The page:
equilibrium model with sticky information. In that model, we find
that inflation peaks only one period after a monetary disturbance.
A sensitivity analysis of our results reveals that the inflation
peak is delayed by including real rigidities when the monetary
policy instrument is money growth, whereas inflation peaks immediately
when the policy instrument is the nominal interest rate.

**“What
is a Realistic Value for Price Adjustment Costs in New Keynesian
Models?”**

(Revised December 2005, this is an extended version of
our paper published in Applied
Economics Letters, 14(11), 789-793, with Yongsheng Wang.)
Rotemberg's [1982] price adjustment costs framework is a popular
sticky price specification; yet, the data provides little
information on the magnitude of those costs. This paper finds a
plausible range of parameterizations for those price adjustment costs.
Our results show that the specific size of the price adjustment costs
depends on the average markup of price over real marginal cost and
the average time firms wait to reoptimize their price. In particular,
the price adjustment costs are higher when the average markup is
lower and the mean time between price reoptimizations is longer.

**“The
Monetary Instrument Matters”**

(Published in the Federal Reserve Bank of St. Louis*
Review*, September/October 2005, 87(5), 633-658, with William
T. Gavin and Michael R. Pakko.) This paper revisits the issue of
money growth versus the interest rate as the instrument of monetary
policy. Using a dynamic stochastic general equilibrium framework,
the authors examine the effects of alternative monetary policy rules
on inflation persistence, the information content of monetary data,
and real variables. They show that inflation persistence
and the variability of inflation relative to the money growth
depend on whether the central bank follows a money growth rule or
an interest rate rule. With a money growth rule, inflation is not
persistent and the price level is much more volatile than the money
supply. Those counterfactual implications are eliminated by the
use of interest rate rules whether prices are sticky or not. A
central bank’s utilization of interest rate rules, however, obscures
the information content of monetary aggregates and also leads to
subtle problems for econometricians trying to estimate money
demand functions or to identify shocks to the trend and cycle
components of the money stock.

**“In Search of the Liquidity
Effect in a Modern Monetary Model”**

(Revised April 2001, this is an earlier version of my
paper published in the *Journal of Monetary Economics*, 2004,
51(7), 1467-1494.) This paper examines the impact of a monetary
policy shock in a dynamic stochastic general equilibrium model
with sticky prices and financial market frictions. First, we examine
the shortcomings of monetary models emphasizing these frictions
individually. The model then is specified to limit the response
of prices and savings to a current period monetary disturbance.
Our results show that this model can account for the following key
responses to an expansionary monetary policy shock: a fall in the
nominal interest rate; a rise in output, consumption, and investment;
and a gradual increase in the price level. Finally, a detailed sensitivity
analysis shows the model's results depend on the parameters assigned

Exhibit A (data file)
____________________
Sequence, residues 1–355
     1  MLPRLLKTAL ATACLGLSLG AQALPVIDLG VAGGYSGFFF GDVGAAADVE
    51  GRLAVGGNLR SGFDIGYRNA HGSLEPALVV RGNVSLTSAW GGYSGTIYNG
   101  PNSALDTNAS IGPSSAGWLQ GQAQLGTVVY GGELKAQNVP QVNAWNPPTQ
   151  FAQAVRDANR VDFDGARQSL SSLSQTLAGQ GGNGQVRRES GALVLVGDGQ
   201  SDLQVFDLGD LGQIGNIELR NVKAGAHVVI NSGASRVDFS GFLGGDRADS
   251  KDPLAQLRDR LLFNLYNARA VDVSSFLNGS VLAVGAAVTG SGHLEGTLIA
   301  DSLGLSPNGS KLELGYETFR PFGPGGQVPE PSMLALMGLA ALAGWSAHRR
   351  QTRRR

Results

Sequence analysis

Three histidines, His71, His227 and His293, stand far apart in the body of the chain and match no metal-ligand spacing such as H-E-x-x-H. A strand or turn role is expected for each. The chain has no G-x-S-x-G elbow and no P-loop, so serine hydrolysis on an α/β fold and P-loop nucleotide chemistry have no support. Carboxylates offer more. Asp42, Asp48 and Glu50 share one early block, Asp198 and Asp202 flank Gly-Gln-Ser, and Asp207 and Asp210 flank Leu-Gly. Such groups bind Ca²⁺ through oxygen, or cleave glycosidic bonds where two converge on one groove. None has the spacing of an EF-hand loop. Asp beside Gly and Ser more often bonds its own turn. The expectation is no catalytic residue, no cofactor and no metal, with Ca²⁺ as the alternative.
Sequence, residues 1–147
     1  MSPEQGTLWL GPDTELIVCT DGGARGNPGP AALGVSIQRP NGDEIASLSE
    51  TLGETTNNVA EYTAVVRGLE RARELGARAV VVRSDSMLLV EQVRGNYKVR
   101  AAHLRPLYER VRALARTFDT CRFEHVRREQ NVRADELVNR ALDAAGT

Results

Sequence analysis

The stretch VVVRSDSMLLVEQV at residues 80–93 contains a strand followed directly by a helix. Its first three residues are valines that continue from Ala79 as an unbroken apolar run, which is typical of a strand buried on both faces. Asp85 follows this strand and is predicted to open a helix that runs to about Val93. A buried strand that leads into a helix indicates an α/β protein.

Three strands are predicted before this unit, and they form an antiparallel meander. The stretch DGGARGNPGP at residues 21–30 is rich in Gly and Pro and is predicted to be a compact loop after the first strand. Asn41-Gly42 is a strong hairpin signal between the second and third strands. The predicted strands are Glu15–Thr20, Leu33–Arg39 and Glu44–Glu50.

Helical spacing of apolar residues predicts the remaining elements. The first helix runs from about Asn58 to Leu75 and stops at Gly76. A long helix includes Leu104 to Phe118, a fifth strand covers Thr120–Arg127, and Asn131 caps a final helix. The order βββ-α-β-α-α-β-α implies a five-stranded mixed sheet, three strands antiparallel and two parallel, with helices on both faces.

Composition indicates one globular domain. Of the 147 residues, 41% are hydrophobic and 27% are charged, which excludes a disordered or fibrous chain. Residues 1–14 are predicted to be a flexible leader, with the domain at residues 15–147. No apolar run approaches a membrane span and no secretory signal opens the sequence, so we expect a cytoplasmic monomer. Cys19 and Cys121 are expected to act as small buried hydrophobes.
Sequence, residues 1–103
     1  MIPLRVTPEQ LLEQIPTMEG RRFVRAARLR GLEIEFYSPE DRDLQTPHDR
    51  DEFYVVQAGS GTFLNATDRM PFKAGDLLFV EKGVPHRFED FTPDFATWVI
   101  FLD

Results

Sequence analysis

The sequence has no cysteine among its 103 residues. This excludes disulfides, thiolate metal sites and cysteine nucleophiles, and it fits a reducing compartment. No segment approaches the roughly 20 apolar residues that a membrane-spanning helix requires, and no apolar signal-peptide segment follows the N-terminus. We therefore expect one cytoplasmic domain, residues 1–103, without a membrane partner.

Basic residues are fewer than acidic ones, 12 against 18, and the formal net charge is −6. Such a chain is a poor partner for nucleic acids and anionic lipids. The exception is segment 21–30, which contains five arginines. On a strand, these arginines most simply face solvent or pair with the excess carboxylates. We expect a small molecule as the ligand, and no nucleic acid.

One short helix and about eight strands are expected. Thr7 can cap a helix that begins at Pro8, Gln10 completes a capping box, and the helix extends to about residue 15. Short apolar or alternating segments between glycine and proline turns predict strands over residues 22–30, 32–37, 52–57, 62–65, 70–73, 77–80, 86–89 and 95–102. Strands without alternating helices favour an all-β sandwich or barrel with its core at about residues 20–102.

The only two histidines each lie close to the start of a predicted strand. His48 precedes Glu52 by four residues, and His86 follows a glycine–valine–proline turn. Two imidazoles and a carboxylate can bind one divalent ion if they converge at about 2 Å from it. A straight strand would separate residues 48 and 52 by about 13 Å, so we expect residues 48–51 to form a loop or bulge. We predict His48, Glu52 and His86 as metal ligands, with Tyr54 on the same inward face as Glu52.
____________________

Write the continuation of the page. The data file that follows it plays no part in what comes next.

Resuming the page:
to critical structural features. **Technical
Appendix**

**“Results
of a Study of Stability of Cointegrating Relations Comprised
of Broad Monetary Aggregates”**

(Federal Reserve Bank of Cleveland Working Paper #99-17,
published in the *Journal of Monetary Economics*, 2000, 46(2),
345-383, with John B. Carlson, Dennis L. Hoffman, and Robert H.
Rasche.) We find strong evidence of a stable "money demand" relationship
for MZM and M2M through the 1990s. Though the M2 relation breaks
down somewhere around 1990, evidence has been accumulating that
the disturbance is well characterized as a permanent upward shift
in M2 velocity, which began around 1990 and was largely over by
1994. Taken together, our results support the hypothesis that households
permanently reallocated a portion of their wealth from time deposits
to mutual funds. Although this reallocation may have been induced
by depository restructuring, we argue that the substitution could
be explained by appropriately measured opportunity cost.

**“MZM:
A Monetary Aggregate for the 1990s?”**

(Published in the Federal Reserve Bank of Cleveland *Economic
Review*, 1996 Quarter 2, 15-23, with John B. Carlson.)
Deregulation and financial innovation have wreaked havoc on the
relationship of traditionally defined money measures with economic
activity and interest rates. In this article, the authors present
some tentative evidence that an alternative measure of money, MZM,
has endured these events reasonably well. MZM is broader than M1
but essentially narrower than M2, comprising all instruments payable
at par on demand. Since 1974, MZM has exhibited a fairly stable relationship
with nominal GDP and with its own opportunity cost, suggesting that
the aggregate has a potential role for policy.

**“Where
is All the Currency Hiding?”**

(Published in the Federal Reserve Bank of Cleveland *Economic
Commentary*, April 15, 1996, with John B. Carlson.) An
examination of the U.S. dollar’s growing popularity abroad and a
discussion of the implications of rising currency demand for U.S.
economic policy.

**“M2
Growth in 1995: A Return to Normalcy?”**

(Published in the Federal Reserve Bank of Cleveland *Economic
Commentary*, December 1995, with John B. Carlson.) In recent
years, M2 growth has been unusually weak. This aberrant behavior
led to its demise as the primary indicator of monetary policy.
Although the aggregate has been behaving more normally over the
past year or so, it seems unlikely that it will soon regain its
earlier stature as a key policy guide.